Guest Post: Nancy Jecker, Aaron Wightman, Abby Rosenberg, Doug Diekema
A breakthrough therapy to cure cancer in children suffering from acute lymphoblastic leukemia (ALL) is a dream for many families. New immunotherapies appear to make this dream a reality. Such therapies use a person’s own immune cells to recognize and combat their disease. In the largest study to date of ALL patients treated with a form of immunotherapy known as Chimeric Antigen Receptor (CAR) T-Cell therapy, a 93% remission rate was reported. Such results are a glimmer of hope for those whose prognoses were previously considered very poor.
However, the good news is tempered by the fact this potentially lifesaving experimental therapy may not be available to everyone who might benefit. And demand is growing as word spreads. Since CAR T-cell therapy for ALL is available only through clinical trials, do patients have a right to participate? How should we choose among medically suitable candidates?
We have faced these questions before. Most recently, with ZMapp to treat Ebola Virus Disease, azidothymidine (AZT) to treat HIV and AIDS, and Immunitab (Gleevac) to treat Chronic Myleogenous Leukemia. Are patients suffering from devastating, life-threatening diseases entitled to breakthrough therapies?
In a recent paper, we argue that benefit is a continuum, from the complete uncertainty associated with standard research, to an intermediate stage where evidence of benefit mounts and reaches a peak, to a final stage of clearly demonstrated benefit that is sufficient to gain approval for clinical applications. Somewhere along this continuum, patients begin to have an ethical claim to access, which becomes more apparent and weighty as evidence of benefit accumulates. With breakthrough therapies, evidence of benefit emerges rapidly and in an especially striking way during early stages of research. Although benefits to research participants are possible with any experimental therapies, with breakthrough therapies, such benefits are not only possible but plausible.
Breakthrough therapies must consider not only how to protect subjects from unknown harms of research, but also how to fairly distribute access to clinical trials. When benefits to research subjects appear more likely, the line between research and health care begins to blur. This was precisely the point made by HIV and AIDS activists who advocated for “drugs in bodies,” claiming that with a potentially breakthrough therapy available, “giving a placebo to someone with a life-threatening illness is unethical.”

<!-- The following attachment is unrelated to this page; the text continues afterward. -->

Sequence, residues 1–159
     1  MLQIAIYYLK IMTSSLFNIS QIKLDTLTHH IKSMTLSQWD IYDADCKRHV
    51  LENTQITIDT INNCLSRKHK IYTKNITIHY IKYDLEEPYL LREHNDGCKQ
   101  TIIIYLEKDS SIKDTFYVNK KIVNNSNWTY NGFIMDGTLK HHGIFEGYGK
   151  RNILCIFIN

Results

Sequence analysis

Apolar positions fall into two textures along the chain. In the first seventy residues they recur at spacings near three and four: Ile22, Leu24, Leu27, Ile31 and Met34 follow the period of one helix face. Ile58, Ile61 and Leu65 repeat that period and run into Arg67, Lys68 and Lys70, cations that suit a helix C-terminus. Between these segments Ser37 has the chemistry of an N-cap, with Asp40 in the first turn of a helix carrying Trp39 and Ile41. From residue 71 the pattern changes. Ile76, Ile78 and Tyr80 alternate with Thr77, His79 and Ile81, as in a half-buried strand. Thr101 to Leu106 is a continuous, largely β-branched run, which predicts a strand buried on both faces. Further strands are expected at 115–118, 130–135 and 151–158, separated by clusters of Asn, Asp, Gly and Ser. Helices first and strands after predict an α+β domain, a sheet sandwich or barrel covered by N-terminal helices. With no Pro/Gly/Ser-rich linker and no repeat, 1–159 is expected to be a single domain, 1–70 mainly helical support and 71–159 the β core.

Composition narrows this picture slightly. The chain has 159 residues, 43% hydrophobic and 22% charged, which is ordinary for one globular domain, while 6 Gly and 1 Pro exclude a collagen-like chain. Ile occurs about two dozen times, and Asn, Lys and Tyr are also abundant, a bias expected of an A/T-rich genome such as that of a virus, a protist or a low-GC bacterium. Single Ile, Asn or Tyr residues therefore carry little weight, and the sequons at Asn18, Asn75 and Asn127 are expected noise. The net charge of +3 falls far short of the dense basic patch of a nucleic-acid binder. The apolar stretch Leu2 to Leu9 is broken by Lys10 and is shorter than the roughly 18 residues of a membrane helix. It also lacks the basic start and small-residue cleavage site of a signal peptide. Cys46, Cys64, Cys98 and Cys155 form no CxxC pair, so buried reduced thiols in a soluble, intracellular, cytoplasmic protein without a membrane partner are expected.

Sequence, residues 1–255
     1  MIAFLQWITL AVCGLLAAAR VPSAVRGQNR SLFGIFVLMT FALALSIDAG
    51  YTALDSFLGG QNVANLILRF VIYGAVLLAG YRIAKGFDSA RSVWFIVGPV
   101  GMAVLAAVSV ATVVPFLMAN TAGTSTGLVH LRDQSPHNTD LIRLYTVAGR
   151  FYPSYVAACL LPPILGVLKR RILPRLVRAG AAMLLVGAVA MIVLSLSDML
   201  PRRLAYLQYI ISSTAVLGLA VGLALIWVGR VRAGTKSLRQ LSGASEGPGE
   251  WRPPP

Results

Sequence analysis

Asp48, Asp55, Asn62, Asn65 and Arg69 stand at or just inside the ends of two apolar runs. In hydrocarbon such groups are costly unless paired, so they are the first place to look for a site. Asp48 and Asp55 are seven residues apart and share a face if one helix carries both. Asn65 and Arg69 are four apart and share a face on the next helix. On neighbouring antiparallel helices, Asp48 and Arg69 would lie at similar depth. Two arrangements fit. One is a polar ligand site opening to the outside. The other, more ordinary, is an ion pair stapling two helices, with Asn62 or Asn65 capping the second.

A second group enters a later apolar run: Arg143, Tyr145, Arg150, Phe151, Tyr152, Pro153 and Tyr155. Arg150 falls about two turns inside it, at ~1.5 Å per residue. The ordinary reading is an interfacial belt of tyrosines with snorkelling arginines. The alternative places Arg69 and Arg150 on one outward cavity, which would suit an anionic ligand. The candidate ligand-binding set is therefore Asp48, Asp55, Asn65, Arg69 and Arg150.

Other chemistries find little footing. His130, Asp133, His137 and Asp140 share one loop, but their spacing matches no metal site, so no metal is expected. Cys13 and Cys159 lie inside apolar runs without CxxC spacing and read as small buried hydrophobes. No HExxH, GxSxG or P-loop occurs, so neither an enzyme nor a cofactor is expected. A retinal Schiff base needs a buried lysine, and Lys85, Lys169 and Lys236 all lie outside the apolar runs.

We explore this shift, from protection to entitlement, and argue for a 3-stage approach to selecting among eligible study participants using 4 criteria: likelihood and magnitude of medical benefit, sickest first, and lottery.
Prioritizing individuals with the greatest possible medical benefit is justified to offset the increased risks of study participation. Not only is there a risk of serious and unknown harms, there are also unique vulnerabilities if research subjects believe there is “nothing to lose” because they face almost certain death without access to experimental treatment.
Sickest first is justified because it saves the greatest number of lives, since those who are sickest may not survive long enough to have another shot at a lifesaving experimental treatment. Sickest first can also be defended by arguing that those who are worst off or have the greatest need deserve priority. When no ethically relevant differences among research candidates remain, a random method, such as a lottery, should be used.
We are just beginning to face the ethical challenges immunotherapies and other breakthrough therapies raise. Future ethical challenges include how we should select which clinical trials will receive immunotherapy products when demand from scientists studying an immunotherapy exceeds product availability.